STEVE INSKEEP, host:
The Chesapeake Bay is where we go next. It's America's largest estuary, and it has undergone decades of clean up efforts at a cost of billions of dollars. Yet it remains heavily polluted. So, today, the Environmental Protection Agency is scheduled to announce a new draft of a plan, as it tries yet again to save the bay. Scientists are still working on this plan.
NPR's Christopher Joyce recently hopped aboard the research ship Rachel Carson to see what progress they're making.
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CHRISTOPHER JOYCE: Dave Nemazie steers a 15-foot skiff through the choppy waters of the Wye River, one of the bay's numerous tributaries. Upon shore, soybean and corn fields give way to housing developments. Nemazie is with the University of Maryland's Center for Environmental Science. He says 30 years ago, people knew the bay was sick.
Mr. DAVE NEMAZIE (University of Maryland's Center for Environmental Science): But I think there was also really a sense that, you know, in a few years, some hard work, we'll get over this. And we've learned both in practice, but also just living on the bay, that that's certainly not the case.
JOYCE: Some things are better: striped bass are back in big numbers. Several rivers, like the Potomac, are cleaner. But there are more dead zones, where almost nothing lives. Sea grasses are struggling and once-great harvests of oysters and crabs are a memory.
The EPA has now vowed to start over, to do better, but scientists first have to figure out what's actually happening in and especially under the water. That's what determines the bay's basic chemistry.
Mr. WALTER BOYNTON (Marine Scientist, University of Maryland's Center for Environmental Science): We've been basically making a map of what the sediments are doing to the water in Chesapeake Bay.
JOYCE: That's Walter Boynton, a marine scientist also with the science center. He's aboard the Rachel Carson taking sediment cores. The crew lowers a metal canister into the murky water, where it sinks to the bottom and grabs a mud sample. Then it's hauled back on board and its contents retrieved.
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Unidentified Female: There it goes.
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JOYCE: These piles glop are like biopsies. They indicate where the bay is healthy and where it's dying. That will help determine where the EPA needs to crack down on pollutants. Boynton says dead sediments are easy to identify.
Mr. BOYNTON: They almost feel like - if you were making a pot of Jell-O and it hasn't quite congealed yet.
JOYCE: Dead sediments are basically mud with little or no oxygen. Clams and worms and microscopic plants at the bottom of the food chain down in the mud need that oxygen. But the bay is oxygen-starved. What it's got instead are nitrogen and phosphorous - way too much of it.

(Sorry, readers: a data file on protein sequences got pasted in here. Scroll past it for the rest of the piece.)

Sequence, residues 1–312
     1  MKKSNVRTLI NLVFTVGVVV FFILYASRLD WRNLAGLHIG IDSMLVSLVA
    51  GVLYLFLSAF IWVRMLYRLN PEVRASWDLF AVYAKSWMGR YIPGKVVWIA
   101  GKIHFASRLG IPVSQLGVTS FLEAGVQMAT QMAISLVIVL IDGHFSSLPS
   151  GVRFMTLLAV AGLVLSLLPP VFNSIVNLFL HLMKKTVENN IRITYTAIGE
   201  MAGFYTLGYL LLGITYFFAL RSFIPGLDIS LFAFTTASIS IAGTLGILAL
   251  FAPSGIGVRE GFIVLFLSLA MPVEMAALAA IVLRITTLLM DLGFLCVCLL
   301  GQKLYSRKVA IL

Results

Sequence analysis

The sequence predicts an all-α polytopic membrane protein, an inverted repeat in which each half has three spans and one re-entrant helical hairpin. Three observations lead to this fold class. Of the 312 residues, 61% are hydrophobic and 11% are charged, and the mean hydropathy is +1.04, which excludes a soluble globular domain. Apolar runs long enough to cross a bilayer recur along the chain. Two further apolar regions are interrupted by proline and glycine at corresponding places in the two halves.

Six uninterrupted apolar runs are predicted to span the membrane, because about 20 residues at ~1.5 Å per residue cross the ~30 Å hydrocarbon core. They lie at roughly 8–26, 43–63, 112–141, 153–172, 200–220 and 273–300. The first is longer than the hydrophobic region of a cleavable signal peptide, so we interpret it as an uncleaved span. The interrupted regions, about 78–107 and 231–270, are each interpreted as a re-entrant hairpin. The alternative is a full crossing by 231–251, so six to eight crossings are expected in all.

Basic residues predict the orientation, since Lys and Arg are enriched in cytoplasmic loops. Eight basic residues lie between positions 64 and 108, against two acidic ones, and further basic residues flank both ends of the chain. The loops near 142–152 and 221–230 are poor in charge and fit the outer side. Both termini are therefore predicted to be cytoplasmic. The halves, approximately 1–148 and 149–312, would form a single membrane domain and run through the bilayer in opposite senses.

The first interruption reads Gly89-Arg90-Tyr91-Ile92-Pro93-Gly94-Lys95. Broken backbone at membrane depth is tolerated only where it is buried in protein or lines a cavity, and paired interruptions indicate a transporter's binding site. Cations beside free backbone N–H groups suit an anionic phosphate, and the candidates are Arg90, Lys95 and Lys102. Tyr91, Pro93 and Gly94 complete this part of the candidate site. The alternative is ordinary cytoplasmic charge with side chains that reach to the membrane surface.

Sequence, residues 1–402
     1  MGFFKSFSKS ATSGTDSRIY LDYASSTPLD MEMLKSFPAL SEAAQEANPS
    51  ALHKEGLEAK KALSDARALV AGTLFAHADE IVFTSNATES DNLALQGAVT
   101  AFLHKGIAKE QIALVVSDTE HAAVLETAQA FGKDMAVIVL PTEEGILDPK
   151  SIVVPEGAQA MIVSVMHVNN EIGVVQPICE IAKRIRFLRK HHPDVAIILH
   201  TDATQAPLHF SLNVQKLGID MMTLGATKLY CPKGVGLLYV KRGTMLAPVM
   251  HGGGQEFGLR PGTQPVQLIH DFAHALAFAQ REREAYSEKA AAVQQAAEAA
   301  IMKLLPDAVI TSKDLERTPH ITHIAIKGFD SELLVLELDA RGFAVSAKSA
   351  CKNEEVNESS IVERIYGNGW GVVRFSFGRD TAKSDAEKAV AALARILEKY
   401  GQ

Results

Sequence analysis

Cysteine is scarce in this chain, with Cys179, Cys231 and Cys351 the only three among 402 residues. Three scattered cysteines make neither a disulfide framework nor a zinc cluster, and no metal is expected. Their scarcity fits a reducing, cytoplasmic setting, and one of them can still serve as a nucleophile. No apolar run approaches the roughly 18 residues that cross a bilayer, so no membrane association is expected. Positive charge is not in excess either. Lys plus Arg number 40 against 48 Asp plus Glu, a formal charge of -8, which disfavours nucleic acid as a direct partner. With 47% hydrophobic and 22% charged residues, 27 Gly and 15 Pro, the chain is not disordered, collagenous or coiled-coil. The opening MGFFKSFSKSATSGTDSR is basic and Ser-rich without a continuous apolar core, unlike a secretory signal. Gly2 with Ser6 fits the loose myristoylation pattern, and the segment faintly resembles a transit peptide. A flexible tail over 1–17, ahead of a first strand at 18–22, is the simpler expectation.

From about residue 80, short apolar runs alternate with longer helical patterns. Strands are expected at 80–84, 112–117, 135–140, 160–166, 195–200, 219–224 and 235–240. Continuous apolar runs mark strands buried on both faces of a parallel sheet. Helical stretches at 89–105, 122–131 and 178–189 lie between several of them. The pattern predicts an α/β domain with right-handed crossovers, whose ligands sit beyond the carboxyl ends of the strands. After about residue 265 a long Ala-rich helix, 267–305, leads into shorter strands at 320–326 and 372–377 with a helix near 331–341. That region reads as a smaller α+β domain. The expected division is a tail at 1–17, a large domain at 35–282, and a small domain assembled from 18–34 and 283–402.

The extra nitrogen and phosphorous come mostly from sewage, cars and fertilizer. They act as nutrients for algae, which gorge on them and grow into huge, floating blooms. When the algae die and decompose, that sucks oxygen out of the water. And that's deadly.
Mr. BOYNTON: The key issue in the bay program is reduce the amount of nitrogen and phosphorous and dirt getting into the bay. We, frankly, need to know: Where does this stuff come from? How long does it hang out here, and where the heck does it go?
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JOYCE: Biologist Kristin Politano taps a canister of sediment to get oxygen bubbles to rise. She learned about nutrient pollution in Florida, but in some ways, it's just the same here. Scientists can map the pollution hot spots, but someone has to follow them back to source to fix the problem.
Ms. KRISTIN POLITANO (Biologist): I mean, people get upset about what's going on in the bay. What they have to realize is that a lot of these problems are coming from the upper watersheds themselves. You have to look at restoring headwater streams and rivers and things like that before you are going to see an improvement in the water quality that's coming into the bay.
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JOYCE: Once Boynton measures the oxygen and nutrients in these sediments, the information goes into computer models that EPA can use to figure out where, within this 180-mile-long bay, it needs to spend its new cleanup money, and where to crack down on polluters.
Like most scientists who've studied the bay, Boynton says progress has been frustratingly slow. But he's optimistic about this new start.
Mr. BOYNTON: I still maintain that if we start seeing big, big changes in nutrient loads, we will see positive changes in the bay very quickly. And by very quickly, I mean a year or two.
JOYCE: Making that happen, he adds, is up to politicians and the people who vote for them.
Christopher Joyce, NPR News.
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INSKEEP: And you can take a virtual voyage with a team of Chesapeake Bay researchers and see just how messy their job can be at npr.org.
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INSKEEP: You're listening to MORNING EDITION from NPR News.
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